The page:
-The website will help you figure out which bus or metro you need to take to get to wherever you need to be.

-Buses in Rome are notoriously unreliable, so do your best to not get frustrated. Download the Muoversi a Roma Official App to figure out how long your wait will be in real time.

-Waiters at restaurants don’t introduce themselves by first name, or check in on you like they might at restaurants back home (especially in the U.S). Don’t be offended by this. In Italy, it’s considered polite to leave the diners alone as they eat and talk. When you are ready for the check, call the waiter over.

-Tipping is not expected in Italy like it is in the U.S and many other countries. You do not have to leave a 20% tip at restaurants nor do you have to tip the taxi driver.  If you were pleased with your service, feel free to leave something extra, but a few euros is generally enough (waiters make a living wage here without tips).

-Though you are not obligated to leave a tip, some Italian restaurants include a coperto, which is a service charge included automatically in your bill.

-Water is not free in Italy, so be prepared to be charged for this. You do however have a choice between acqua liscia/acqua naturale (still water) or acqua frizzante (sparkling water). You are also sometimes charged for bread.
-In Italy, it is socially acceptable (in fact encouraged) to eat the entire pizza tonda, or round wood oven baked pizza by yourself. You are not expected to share.

-When ordering gelato, Italians typically order more than one and up to even three gusti (flavors) for their cup or cone. Torn between strawberry and chocolate? Get them both! Another point on gelato: avoid any gelateria selling gelato that is puffy and overflowing in its container. This is not authentic gelato made with real ingredients, but rather a powder mix with artificial colors and flavors. Instead look for gelato that is flat in its container. Another tip: banana gelato should not be yellow, but the white, cream color of the edible part of the fruit, and pistachio should be an earthy green tone, not neon green. You can find a list of some of my favorite gelato places here.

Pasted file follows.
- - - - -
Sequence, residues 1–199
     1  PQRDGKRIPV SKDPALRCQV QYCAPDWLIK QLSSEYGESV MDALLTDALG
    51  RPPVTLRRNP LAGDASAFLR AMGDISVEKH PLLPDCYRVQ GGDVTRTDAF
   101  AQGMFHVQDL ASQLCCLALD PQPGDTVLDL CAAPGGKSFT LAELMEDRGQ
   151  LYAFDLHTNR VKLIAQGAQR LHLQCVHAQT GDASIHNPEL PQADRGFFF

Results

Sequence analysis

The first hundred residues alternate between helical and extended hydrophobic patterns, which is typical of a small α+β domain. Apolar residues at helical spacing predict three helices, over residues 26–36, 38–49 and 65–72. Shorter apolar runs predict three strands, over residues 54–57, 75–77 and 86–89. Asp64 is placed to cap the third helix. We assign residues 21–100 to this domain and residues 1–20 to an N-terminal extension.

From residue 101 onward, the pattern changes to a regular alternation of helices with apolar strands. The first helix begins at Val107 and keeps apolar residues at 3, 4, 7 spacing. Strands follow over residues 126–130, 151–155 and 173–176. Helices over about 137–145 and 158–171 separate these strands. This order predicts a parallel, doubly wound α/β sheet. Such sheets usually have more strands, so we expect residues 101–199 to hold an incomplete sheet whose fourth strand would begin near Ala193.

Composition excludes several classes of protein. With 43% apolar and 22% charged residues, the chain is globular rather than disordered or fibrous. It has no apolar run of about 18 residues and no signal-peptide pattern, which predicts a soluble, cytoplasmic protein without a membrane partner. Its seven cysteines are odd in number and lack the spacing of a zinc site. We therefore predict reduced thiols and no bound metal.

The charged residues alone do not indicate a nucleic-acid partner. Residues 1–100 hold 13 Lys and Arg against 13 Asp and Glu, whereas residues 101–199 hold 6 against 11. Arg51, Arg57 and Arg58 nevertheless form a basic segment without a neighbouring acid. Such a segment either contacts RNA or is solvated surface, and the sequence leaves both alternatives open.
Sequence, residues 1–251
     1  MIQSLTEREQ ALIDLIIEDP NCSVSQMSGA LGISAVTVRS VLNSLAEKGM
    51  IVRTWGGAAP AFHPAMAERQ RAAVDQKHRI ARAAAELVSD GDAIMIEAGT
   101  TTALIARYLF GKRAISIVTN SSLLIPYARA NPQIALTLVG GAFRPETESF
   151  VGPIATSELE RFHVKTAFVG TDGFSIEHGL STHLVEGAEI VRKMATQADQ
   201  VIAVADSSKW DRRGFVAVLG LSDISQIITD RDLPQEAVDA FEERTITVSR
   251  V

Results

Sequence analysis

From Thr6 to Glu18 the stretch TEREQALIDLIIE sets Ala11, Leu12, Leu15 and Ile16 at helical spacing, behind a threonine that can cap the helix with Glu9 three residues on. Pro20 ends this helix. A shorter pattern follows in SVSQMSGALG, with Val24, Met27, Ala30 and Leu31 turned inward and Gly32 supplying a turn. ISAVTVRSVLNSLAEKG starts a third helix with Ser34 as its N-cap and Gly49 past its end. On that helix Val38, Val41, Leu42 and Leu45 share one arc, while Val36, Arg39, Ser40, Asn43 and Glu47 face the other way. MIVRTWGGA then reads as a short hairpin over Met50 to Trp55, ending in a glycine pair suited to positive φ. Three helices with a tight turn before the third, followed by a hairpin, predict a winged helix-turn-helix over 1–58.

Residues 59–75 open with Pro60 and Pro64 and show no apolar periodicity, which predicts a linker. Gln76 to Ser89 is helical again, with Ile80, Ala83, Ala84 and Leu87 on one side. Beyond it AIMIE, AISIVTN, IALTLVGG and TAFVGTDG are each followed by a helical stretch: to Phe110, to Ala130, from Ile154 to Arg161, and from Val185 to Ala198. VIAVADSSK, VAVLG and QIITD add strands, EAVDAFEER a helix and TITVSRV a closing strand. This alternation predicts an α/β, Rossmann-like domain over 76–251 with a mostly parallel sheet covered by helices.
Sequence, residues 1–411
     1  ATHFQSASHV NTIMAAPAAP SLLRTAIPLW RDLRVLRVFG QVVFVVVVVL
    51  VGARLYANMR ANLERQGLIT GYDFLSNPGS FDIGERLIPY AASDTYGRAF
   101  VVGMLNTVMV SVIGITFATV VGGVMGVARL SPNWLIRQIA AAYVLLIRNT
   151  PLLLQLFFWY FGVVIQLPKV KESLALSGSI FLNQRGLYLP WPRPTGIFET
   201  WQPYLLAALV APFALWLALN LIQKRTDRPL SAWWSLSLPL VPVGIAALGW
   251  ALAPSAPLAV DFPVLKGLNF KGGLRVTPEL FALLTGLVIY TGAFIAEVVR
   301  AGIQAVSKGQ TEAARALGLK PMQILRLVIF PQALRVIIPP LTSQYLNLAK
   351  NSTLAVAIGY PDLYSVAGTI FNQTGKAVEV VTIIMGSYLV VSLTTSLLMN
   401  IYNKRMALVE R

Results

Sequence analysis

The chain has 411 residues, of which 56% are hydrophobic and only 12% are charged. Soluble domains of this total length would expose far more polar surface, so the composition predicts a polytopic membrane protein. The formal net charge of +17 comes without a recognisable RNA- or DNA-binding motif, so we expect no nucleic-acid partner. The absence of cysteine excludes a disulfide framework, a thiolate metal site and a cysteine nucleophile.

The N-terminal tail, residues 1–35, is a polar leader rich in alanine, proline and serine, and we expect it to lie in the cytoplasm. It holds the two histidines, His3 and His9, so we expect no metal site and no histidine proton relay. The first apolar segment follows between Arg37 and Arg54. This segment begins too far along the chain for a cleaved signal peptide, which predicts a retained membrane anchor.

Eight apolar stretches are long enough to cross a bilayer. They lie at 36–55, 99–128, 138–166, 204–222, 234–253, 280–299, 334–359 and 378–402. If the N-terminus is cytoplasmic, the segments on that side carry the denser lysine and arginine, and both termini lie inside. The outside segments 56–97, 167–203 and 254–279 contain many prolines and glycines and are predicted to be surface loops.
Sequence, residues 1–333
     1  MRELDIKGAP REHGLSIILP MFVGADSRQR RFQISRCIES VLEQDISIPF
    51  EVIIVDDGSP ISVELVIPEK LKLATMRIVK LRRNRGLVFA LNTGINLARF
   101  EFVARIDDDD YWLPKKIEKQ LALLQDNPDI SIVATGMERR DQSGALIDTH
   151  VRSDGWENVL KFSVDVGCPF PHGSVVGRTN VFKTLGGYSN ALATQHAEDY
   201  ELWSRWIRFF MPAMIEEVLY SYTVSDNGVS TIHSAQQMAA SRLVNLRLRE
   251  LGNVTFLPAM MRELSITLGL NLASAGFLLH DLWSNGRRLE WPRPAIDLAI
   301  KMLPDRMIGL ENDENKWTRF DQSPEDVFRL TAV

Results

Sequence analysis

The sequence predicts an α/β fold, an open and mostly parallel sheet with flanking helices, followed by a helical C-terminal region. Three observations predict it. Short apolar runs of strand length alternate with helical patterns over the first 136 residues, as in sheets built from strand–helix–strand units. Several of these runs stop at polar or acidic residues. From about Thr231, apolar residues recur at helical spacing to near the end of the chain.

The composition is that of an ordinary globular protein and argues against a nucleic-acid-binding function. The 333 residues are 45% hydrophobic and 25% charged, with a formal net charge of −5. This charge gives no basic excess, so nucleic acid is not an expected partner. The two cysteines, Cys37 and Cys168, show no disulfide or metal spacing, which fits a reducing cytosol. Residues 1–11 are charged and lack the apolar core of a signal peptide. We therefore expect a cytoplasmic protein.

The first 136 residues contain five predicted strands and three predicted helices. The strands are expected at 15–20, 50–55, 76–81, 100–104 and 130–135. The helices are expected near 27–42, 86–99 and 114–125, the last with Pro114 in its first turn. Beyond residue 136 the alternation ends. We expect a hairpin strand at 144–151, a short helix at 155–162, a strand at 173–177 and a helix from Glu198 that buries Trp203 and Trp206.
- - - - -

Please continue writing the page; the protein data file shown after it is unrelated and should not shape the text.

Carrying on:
-Italy’s coffee culture is quite different from the Starbuck-fueled one found in the States. Coffee comes in one standard size, cannot be taken to go, and is devoid of different flavors, syrups, and add-ins. Cappuccinos are typically a morning beverage (never for after dinner!)

-A typical Italian breakfast consists of a coffee or a cappuccino accompanied by a cornetto, a pastry -similar to a croissant but sweeter and less buttery. You will not find bagels, bacon, or eggs for breakfast here – Italians do not do savory breakfast.

-If your priority is a good meal rather than convenience, avoid any restaurant right next to the Colosseum, the Spanish Steps, the Vatican, or any other tourist site -- they will be over-priced and inauthentic with mediocre food. 

-While in America and many other countries it is okay to make changes to your meal -- can I add chicken to that? can I have that on the side? can you make that without tomatoes? -- this is not the case in Italy. Restaurants are very rarely willing to make any changes to the dish as it is delicious and perfect as is. For example, I once saw an Italian chef adamantly refuse to serve meatballs on top of spaghetti -- first the spaghetti, then the meatballs, he insisted. Bottom line: trust your chef.